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Posted February 19, 2014 by Jarrod Mawson in Feature
 
 

Irrational Games Shuts Down: Our Assessment


Big industry news in the early hours of this morning: Irrational Games, makers BioShock and BioShock Infinite, are shutting down.

The announcement comes from studio head and lead of the aforementioned projects, Ken Levine, who posted the details in a forward letter in the front page of the Irrational Games website. In it Levine states:

I am winding down Irrational Games as you know it. I’ll be starting a smaller, more entrepreneurial endeavor at Take-Two.  That is going to mean parting ways with all but about fifteen members of the Irrational team.   There’s no great way to lay people off, and our first concern is to make sure that the people who are leaving have as much support as we can give them during this transition. 

Levine explains that Irrational Games in its current form will be downsized through lay-offs to around fifteen people. These people will then work closely with Levine on smaller, digital games, a direction Levine is happy to go in, a direction he describes as:

To make narrative-driven games for the core gamer that are highly replayable. To foster the most direct relationship with our fans possible, we will focus exclusively on content delivered digitally.

As for what will happen to the BioShock franchise, Levine says the following:

I’m handing the reins of our creation, the BioShock universe, to 2K so our new venture can focus entirely on replayable narrative. If we’re lucky, we’ll build something half as memorable as BioShock.

As said, you can read Levine’s entire statement on the official website.

Rocket Chainsaw’s assessment: While it might seem odd that a studio behind critically acclaimed titles from the last generation would suddenly shut up shop, and a little odd that Levine would welcome the loss of many, many talented staff, there’s probably a bit more going on if you read between the lines. In short: Levine is acting somewhat as a fall guy for what has been an ongoing financial mess.

Irrational Games’ early days had them release titles once every two or three years, putting the studio behind classics such as System Shock 2 and Freedom Force. The last few years, however, haven’t been quite as favourable. While the time between SWAT 4 and BioShock seems to be only two years on paper, the game was in development for quite awhile beforehand, going through a scrapped concept before it’s revised announcement in 2004. BioShock Infinite was even more troublesome, the development cycle taking at least six years (more considering pre-production), going through a number of iterations and visions, costing a small fortune in the long run.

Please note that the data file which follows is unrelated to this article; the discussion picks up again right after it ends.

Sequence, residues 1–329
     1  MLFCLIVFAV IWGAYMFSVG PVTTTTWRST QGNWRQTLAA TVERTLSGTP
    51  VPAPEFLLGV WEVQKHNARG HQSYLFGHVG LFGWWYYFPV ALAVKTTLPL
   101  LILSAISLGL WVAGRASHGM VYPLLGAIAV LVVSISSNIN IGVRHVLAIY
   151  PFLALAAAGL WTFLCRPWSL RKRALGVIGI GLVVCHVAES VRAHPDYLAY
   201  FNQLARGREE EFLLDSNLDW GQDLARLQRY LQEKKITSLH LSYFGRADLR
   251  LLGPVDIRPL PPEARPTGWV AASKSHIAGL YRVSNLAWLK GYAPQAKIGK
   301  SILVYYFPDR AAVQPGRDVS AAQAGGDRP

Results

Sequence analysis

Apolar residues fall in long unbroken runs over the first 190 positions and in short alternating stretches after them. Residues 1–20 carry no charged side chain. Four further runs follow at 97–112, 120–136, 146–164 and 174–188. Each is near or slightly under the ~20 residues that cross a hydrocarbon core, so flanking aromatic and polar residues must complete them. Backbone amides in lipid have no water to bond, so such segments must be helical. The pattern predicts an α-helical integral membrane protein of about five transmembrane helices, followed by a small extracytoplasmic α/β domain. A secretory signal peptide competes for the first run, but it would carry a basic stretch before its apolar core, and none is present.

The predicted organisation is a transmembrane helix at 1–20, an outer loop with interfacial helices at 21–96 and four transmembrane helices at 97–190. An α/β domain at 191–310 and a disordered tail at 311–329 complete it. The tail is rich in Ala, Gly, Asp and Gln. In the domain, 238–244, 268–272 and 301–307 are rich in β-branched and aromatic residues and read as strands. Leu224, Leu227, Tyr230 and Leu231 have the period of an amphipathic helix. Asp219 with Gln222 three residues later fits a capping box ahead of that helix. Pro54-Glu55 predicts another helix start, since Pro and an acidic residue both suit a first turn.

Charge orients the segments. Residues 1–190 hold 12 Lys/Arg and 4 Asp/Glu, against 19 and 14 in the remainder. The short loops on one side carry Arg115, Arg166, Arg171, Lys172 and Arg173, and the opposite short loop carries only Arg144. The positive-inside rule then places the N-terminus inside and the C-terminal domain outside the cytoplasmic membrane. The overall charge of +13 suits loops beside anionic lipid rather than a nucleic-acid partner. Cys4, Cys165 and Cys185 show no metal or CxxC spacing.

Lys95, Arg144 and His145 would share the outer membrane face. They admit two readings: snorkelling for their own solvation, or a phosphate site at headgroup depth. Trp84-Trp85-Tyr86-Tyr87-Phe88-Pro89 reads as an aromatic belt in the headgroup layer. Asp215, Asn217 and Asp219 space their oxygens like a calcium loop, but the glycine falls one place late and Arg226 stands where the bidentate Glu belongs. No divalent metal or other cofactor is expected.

While it’s easy to say “But these games reviewed well, and sold well!”, this has not necessarily been the case for Take-Two, a company that has been posting fiscal losses every year that didn’t include the release of a Grand Theft Auto title, or Red Dead Redemption. Success on the small scale for Irrational’s work is damaged by Take-Two’s losses as a whole, as the parent company promised shareholders twice that they’d stop reporting losses in these non-Rockstar years, failing to follow through.

In the long run, it is quite likely Take-Two viewed Irrational’s games for what they are: very expensive projects with very long development cycles. Critically revered, but not good business for a publisher that wants to ensure they’re reporting positive fiscal growth, something very difficult to do when years pass by with money being funnelled off to Irrational to finish a scrapped then rebuilt project that may be years away.

Take-Two probably gave Levine the ultimatum: either everyone goes, or you can stay with us with a small team. The digital boom and Levine’s pedigree ensures that whatever he’s working on will likely be affordable to make and have a high return of investment. Much more profitable and shareholder appeasing than a six year multi-million dollar blockbuster. And that means the rest of Irrational Games, those that aren’t part of Levine’s fifteen person crew, must lay down on the chopping block.

Sad, but also perhaps a warning for how troubled this industry has become, one that may be heard too late. Developers have been dropping like flies over the last generation. It started with the small and insignificant, but over the last few years it has moved up. Once upon a time low tier studios you’ve probably never heard of were the ones taking the bullet. Then it was Silicon Knights and Pandemic Studios, mid-to-high tier studios well established in the industry. Cing, Hudson, and the climax of THQ’s implosion that took with them Blue Tongue and Vigil Games, among others. And now Irrational Games, a studio arguably considered one of the most acclaimed and definitively “AAA” production studios of the last generation.

The safety net of blockbuster studios loved and adored by gamers is a myth, and years old arguments that the AAA production model, wherein tens if not hundreds of millions are funnelled into a single game’s development is simply not sustainable, is perhaps more evident here than anywhere else. The public’s insatiable desire for ‘blockbusters’ and unfair critique of games that do not meet a ludicrous production standard is part of the problem, and though it started at the bottom, we’re now seeing the damage hit the very top. Ultimately the real question is: who’ll be next to fall, and who is trying to salvage the mess?

Rocket Chainsaw would like to wish those let go at Irrational Games the best of luck finding work elsewhere.


Jarrod Mawson

 
I like video games. I also like being an editor and writer fo Rocket Chainsaw. I don't like mashed potato.


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